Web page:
2018’s Demon Hero and Other Extraordinary Phantasmagoric Anomalies and Fables was quite the comeback album for The Clay People, acting as a sort of amalgam of all the group had achieved up to that point, complete with covers and references to the band’s past output. With this sixth full-length album, Cult Hypnotica finally sees The Clay People embracing the here, now, and what is to come, continuing to pursue a more effective balance of the industrialized rock that first defined the band in the ‘90s and the alt. rock and metal assault we’ve now come to identify with the group.
Where the preceding album was created in the midst of vocalist Dan Neet’s substance abuse and recovery, Cult Hypnotica begins with a firm declaration of defiance against those demons; he shouts, “The Drugs (Are Not Working),” the words almost like a mantra atop the muscular riffs and solos of guitarists Brian McGarvey and Jared Weed and bassist Eric Braymer, and underscored by Dan Dinsmore’s groovy but powerful drumming. Never a band to downplay a love for the creepiness of classic horror, the album is adorned with moments that revel delightfully in it, such as in the maniacal laughter and repetitions of “The wheel in the sky goes round-and-round” on “Radio V,” or more especially in “House of Secrets,” the thrusting rhythms and riffs with samples and light synths giving it that touch of eeriness, along with the chorus of “Welcome to a new terror / Welcome to the astonishing and strange.” This is also true of “Turn Me On,” as the processional chanting layers are compounded by “the amazing Damien Grief” introducing us to the horror show; harmonized ostinato guitars and vocals immediately instill a sense of excited unease that, quite honestly, would’ve made this a better choice of introductory track for the album.
Some songs like the aforementioned “Radio V,” “Psychic Suicide,” and “The Legend of Mr. Boots” are rather direct in the simplicity of their alt. metal assault, wasting no time hitting the listener with guttural riff chugging and punchy beats and bass that are ripe for the moshpit. As well, it’s true that the band hasn’t been averse to the odd pop flavoring, and “Victoria Queen” is the closest Cult Hypnotica comes to this with its angular hammer-on riffs and rather catchy chorus. That line of “her voice inviting, eerily exciting” is so purely The Clay People. Yet even in those tracks are the subtle traces of tightly programmed and tastefully mixed electronics to keep the band’s sound planted in the machine rock vibe. This is even more prevalent on “Destroy All Humans” as the distorted vocoder refrain comes across like a militant Cylon wet dream, the hammering thrust of the instrumental sounding like a tense chase through a mechanical dystopia, while the gated guitar and keyboards of “She Loves” give it a ‘60s psychedelic ambience. And then, there is the title track with its grungy riffs and dynamic progressions, Neet’s raspy but melodic delivery given added weight by some entrancing synths, the lyrics addressing the more tangible horrors of groupthink so predominant in corporatism, governments, and the music industry. “Wake & Rise” concludes the album in a similar vein, the closest that The Clay People has come to an overt protest track, encouraging us to “not lose the course” and to “stay vigilant.”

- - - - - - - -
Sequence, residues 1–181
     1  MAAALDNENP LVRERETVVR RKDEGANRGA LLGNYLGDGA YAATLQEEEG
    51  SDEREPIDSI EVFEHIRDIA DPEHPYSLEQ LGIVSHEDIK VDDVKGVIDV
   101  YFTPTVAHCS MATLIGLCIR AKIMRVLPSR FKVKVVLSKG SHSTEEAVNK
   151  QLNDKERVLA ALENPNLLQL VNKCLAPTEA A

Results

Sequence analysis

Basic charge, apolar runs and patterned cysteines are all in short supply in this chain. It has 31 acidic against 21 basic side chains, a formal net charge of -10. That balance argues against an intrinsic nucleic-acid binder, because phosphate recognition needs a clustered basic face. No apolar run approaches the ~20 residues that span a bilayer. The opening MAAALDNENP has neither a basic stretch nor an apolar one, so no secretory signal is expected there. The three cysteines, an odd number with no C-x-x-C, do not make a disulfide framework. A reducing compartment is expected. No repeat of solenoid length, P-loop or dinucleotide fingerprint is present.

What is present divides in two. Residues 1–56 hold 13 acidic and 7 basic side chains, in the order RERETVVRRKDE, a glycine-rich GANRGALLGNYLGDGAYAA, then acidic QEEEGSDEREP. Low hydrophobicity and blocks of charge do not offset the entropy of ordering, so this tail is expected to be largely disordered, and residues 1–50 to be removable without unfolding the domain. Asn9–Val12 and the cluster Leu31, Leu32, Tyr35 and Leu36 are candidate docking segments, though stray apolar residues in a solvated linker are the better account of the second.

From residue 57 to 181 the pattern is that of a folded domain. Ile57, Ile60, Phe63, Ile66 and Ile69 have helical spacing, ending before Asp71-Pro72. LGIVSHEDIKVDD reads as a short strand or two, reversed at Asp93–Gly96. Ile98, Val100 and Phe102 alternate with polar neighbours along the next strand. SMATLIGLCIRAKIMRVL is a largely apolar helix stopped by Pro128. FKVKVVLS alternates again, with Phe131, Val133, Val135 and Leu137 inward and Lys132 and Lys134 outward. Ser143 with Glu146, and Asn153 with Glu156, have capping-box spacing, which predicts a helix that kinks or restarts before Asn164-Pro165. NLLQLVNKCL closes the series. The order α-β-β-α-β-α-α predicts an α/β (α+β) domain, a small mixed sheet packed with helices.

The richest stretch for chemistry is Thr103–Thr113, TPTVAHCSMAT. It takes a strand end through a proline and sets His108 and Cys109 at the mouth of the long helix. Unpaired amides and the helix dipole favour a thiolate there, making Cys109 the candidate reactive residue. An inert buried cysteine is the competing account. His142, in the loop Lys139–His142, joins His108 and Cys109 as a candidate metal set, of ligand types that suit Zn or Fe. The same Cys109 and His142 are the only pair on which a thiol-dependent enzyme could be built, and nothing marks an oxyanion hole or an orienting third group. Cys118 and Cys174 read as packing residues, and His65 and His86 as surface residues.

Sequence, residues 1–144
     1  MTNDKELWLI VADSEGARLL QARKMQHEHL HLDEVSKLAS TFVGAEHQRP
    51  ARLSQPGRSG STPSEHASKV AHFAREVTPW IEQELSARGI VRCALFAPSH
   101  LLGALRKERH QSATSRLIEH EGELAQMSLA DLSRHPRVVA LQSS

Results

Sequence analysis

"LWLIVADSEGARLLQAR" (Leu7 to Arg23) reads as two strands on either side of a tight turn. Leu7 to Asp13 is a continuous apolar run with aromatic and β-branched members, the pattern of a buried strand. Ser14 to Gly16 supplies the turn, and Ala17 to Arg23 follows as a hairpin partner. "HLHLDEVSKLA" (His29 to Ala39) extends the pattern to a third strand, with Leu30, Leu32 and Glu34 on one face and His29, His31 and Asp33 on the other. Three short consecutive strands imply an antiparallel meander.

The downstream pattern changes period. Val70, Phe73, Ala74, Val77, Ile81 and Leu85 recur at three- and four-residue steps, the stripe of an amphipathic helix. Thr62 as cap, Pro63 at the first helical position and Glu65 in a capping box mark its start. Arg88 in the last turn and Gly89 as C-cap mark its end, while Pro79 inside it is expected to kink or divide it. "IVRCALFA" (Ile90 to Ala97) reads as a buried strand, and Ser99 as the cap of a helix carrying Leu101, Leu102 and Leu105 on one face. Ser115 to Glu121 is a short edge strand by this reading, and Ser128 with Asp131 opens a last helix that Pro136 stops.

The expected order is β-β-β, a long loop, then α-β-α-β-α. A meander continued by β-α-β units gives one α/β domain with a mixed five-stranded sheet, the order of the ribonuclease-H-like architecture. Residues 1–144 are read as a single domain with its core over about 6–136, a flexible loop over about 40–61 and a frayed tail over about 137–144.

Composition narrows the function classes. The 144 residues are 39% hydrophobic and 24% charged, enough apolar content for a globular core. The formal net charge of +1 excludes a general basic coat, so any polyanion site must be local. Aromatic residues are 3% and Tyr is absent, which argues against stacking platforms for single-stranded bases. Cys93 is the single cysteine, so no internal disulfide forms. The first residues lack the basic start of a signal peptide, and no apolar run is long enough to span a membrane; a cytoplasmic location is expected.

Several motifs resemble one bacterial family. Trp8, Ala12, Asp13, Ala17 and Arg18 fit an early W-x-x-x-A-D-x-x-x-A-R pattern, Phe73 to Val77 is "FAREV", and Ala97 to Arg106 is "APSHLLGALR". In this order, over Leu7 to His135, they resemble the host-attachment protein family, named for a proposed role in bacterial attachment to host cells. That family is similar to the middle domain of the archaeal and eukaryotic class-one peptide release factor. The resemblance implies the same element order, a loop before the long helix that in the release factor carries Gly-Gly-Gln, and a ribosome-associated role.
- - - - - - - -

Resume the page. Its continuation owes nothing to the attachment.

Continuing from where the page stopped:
To some, Cult Hypnotica will sound like a quintessential album from The Clay People… and in truth, it is. But where the album prevails in its pristine execution of those characteristics of the band’s sound, finely honed and sharpened, while also finally looking forward rather than relying on passing references to the past. Any that exist are purely those elements that are intrinsic to The Clay People’s established sound, and with the band writing and performing at the top of its game and without a thing to prove. And just as the lyrics to “Destroy All Humans” state, “It’ only in its first season / Promise more / More blood, more gore, more shock.”